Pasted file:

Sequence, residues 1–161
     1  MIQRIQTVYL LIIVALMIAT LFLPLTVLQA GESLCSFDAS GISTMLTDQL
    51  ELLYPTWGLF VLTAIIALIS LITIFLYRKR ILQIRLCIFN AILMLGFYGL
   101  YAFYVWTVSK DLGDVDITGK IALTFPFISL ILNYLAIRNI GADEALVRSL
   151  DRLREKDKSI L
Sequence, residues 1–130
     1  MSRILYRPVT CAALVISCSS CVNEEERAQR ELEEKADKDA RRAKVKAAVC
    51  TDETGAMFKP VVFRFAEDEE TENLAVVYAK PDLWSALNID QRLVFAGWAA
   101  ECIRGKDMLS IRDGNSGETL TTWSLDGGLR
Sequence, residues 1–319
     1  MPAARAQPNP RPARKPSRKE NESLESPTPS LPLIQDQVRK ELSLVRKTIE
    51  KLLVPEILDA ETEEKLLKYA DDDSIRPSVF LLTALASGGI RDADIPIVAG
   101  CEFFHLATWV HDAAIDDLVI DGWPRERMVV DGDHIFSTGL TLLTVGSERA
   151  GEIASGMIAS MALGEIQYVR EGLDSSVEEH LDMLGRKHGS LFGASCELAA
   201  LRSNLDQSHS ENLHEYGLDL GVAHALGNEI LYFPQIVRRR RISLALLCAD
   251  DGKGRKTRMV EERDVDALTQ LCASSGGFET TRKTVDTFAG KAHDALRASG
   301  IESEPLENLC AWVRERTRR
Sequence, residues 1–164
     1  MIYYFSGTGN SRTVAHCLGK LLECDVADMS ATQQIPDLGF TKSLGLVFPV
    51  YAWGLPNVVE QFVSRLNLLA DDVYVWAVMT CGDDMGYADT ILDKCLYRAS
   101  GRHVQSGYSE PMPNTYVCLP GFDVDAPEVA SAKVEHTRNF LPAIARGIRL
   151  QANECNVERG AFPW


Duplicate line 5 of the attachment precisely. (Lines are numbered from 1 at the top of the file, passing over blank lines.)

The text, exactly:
   151  DRLREKDKSI L